Tuesday, June 8, 2010
Do college students need to study Latin?
Dr. Stanley Fish is a NYTimes commentator and an eminent academic. He's also wrong most of the time, I think, despite his evident erudition. His most recent foray was a piece on how college students needed the grounding in the Classics that he'd gotten.
I demurred, saying:
I'm an old guy with a broad liberal education, but I think Dr. Fish is misguided. Any discussion of education needs this context: we're in the midst of the worst economic downturn since the Great Depression, and employment is a trailing indicator.
This is why the Mexican revolutionary slogan was "Tierra y Libertad (Land and liberty)." That is, gaining the means to feed yourself comes first--even before freedom.
But the goals of getting a meal ticket and becoming capable of soaring thought don't have to be antithetical. Being able to contextualize is a job skill and the path to advancement.
But only if you have a job skill in the first place. The Ottoman Empire required all its princes to master a trade. I like that. Have every budding intellectual learn to do, say, plumbing (which I can do, for example). That will do them more good than learning Latin, and save them a bundle through the course of their lives.
And nothing teaches rigorous thinking like computer science, or even learning proficiency with productivity software. You can't browbeat or baffle or seduce a computer. Either you've got it or the system won't do what you want.
The most horrifying thing I read in this article's comment thread was the young high school senior saying "I am not a math/science person." As if you're either a math geek or it's all Greek to you.
Anyone planning to get a college education should be able to explain the fundamentals of how a car engine works, how a loan is amortized, what net present value is, why it is that without the Moon, Earth couldn't support life above the level of bacteria, explain the great narrative of life on Earth from the Devonian to now in broad terms, understand everything in the New York Times' science section, understand why no one ever committed suicide because their girl friend left them, why the eyebrow flick is a universal gesture among all cultures, while the smile has interesting variations...these are not huge challenges. Certainly no more than learning a dead language.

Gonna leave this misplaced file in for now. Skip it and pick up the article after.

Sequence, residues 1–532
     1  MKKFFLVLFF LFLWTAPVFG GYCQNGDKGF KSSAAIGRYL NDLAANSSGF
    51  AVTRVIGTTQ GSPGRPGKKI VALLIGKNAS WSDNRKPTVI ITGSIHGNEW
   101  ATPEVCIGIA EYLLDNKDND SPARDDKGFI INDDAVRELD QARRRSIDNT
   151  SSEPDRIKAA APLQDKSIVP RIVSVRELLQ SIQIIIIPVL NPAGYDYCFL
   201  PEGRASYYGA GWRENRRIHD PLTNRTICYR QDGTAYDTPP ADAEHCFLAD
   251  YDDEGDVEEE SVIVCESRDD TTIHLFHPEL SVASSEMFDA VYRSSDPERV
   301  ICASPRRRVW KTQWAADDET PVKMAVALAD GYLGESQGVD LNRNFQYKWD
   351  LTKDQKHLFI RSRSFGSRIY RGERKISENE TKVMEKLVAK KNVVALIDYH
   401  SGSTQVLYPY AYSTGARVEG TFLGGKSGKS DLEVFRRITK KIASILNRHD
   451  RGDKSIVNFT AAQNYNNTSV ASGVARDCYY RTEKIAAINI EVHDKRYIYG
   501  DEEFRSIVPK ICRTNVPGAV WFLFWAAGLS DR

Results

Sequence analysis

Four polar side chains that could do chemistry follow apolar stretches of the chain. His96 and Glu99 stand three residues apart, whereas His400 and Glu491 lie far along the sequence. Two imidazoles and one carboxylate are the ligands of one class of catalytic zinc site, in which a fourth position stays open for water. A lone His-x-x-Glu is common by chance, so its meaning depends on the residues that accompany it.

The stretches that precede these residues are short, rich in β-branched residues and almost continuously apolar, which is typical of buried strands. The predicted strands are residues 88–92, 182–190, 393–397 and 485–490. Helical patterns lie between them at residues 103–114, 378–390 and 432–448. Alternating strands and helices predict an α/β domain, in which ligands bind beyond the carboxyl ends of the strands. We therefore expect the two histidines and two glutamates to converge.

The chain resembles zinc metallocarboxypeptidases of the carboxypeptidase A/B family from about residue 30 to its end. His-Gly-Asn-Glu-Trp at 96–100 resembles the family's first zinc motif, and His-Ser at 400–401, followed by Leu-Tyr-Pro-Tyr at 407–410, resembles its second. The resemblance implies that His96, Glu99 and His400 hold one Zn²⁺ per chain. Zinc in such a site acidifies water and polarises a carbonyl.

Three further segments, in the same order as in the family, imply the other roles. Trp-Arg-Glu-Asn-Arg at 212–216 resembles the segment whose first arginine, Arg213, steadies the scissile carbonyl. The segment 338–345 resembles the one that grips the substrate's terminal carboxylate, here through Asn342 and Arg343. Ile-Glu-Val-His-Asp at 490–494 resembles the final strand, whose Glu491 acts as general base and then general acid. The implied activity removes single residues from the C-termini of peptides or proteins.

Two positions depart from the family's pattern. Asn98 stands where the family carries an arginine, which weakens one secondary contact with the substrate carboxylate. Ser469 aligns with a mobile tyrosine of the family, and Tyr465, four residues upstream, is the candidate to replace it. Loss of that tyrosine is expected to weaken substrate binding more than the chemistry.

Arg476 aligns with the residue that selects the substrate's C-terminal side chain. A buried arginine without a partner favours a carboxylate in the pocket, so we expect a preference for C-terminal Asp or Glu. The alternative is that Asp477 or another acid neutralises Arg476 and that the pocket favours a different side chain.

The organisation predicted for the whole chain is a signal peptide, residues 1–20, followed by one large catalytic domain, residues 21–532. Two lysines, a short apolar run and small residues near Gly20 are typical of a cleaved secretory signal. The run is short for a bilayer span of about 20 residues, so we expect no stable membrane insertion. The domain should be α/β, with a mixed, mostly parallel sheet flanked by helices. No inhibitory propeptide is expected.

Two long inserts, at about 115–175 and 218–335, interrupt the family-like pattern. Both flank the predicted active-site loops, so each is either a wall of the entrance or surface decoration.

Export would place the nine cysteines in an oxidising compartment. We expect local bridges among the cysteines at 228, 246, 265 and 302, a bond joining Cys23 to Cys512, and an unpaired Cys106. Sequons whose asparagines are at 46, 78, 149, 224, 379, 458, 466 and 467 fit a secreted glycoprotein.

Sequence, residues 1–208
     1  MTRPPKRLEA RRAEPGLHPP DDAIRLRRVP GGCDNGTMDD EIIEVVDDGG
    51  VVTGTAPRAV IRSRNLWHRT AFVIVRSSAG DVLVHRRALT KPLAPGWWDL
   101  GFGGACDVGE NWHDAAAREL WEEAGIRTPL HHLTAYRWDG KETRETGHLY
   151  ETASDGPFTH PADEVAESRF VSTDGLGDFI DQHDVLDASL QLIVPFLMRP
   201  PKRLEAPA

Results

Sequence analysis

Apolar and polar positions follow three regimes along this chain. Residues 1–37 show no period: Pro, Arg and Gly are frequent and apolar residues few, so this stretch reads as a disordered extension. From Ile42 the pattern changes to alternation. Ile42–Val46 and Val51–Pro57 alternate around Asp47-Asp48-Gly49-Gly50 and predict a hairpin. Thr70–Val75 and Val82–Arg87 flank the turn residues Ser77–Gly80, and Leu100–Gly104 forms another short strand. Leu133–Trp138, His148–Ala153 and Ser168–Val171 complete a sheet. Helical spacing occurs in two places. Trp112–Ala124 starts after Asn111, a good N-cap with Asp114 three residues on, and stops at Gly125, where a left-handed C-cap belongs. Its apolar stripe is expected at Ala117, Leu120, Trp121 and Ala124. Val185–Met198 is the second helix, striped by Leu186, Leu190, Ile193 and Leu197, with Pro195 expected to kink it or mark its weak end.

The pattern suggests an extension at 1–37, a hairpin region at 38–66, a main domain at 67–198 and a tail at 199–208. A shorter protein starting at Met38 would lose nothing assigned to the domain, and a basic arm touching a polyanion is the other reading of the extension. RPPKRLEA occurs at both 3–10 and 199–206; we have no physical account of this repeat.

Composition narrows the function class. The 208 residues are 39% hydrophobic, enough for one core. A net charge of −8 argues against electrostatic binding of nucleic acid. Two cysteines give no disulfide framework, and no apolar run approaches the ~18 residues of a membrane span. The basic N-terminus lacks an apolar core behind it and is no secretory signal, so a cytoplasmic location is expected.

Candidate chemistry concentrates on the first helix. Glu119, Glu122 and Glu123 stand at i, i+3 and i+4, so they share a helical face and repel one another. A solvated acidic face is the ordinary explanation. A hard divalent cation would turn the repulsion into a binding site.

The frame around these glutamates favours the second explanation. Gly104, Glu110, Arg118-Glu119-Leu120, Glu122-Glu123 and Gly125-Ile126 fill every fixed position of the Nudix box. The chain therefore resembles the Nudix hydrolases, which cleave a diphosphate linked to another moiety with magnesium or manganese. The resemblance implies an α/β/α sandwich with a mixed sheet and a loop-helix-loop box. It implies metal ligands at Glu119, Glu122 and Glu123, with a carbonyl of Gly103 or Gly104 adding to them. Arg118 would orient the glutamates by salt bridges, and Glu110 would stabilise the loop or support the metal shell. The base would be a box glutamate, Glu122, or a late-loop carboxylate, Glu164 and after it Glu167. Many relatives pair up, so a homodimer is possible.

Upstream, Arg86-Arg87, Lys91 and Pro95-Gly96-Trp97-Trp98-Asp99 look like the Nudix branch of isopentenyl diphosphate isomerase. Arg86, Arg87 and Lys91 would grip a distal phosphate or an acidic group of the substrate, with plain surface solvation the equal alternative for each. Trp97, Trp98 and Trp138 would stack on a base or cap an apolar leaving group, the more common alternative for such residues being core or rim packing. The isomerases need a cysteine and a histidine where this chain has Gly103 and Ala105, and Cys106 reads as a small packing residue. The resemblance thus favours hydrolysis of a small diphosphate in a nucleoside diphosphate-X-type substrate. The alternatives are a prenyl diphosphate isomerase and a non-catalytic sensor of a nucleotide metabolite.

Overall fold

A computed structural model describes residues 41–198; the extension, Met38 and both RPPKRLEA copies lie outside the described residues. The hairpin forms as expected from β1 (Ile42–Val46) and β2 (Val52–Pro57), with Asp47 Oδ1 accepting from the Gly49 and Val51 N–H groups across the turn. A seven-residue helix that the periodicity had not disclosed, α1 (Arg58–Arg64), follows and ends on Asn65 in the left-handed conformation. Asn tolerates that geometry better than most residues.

And they contribute to someone's survival in the workforce. Lesson One is that the hyperspecialist often doesn't have a great career. I remember I once got an English teaching job in a small school district because I could describe how two stroke engines worked (they needed someone who could teach other stuff as needed--and I did, including basic electronics and Algebra I).
I had a long, remunerative career in technical publishing because I was one of the very few liberal arts types who could understand--at least on a rudimentary level--all sorts of high tech stuff, which aided me immeasurably as an editor.
And what about those high school students who aren't going on to college? They don't need Latin, they need to know how to balance a checkbook, evaluate politicians claims and promises, how to establish credit, when they should/should not buy a house, what bosses require of them, what skills they must master.
I did some teaching in ghetto schools. All the boys were going to be pro athletes and all the girls hip hop stars. 99.9% were delusional, but not far behind the middle class white schools I taught in, where most of the kids had somehow gained the notion that they were perfect and had no need of any further education--certainly not any that was taught in a high school.
Of course the near-unreadable pap that passed for liberal arts textbooks didn't help; nor the math curriculum that was completely untethered to the mathematical skills you need to survive in this society.
But back to the young lady who airily proclaimed "I am not a math/science person." This is someone who has been failed by our educational system, and who will sail into adult life acquiring irrational political beliefs and voting behavior, and whose innumeracy will probably hamper her from doing what she wants to do, because the practicalities of life will be so difficult for her.
Critical thinking? Thucydides shmuthydides. This girl needs to be able to listen to someone she likes, like President Obama, yet when he says we must grant amnesty to illegals because we can't deport them, she should realize he just used the false choice fallacy--and not be swayed by her agreeing with his positions on other things, nor by his cool family and general likeability.
That's what today's students really, really need. And what society really, really needs them to have.
I love good poetry. I can discuss Klee's later paintings and how they dovetail with Richard Strauss's later compositions. But our liberal arts students need more math and science first, because it's 2010.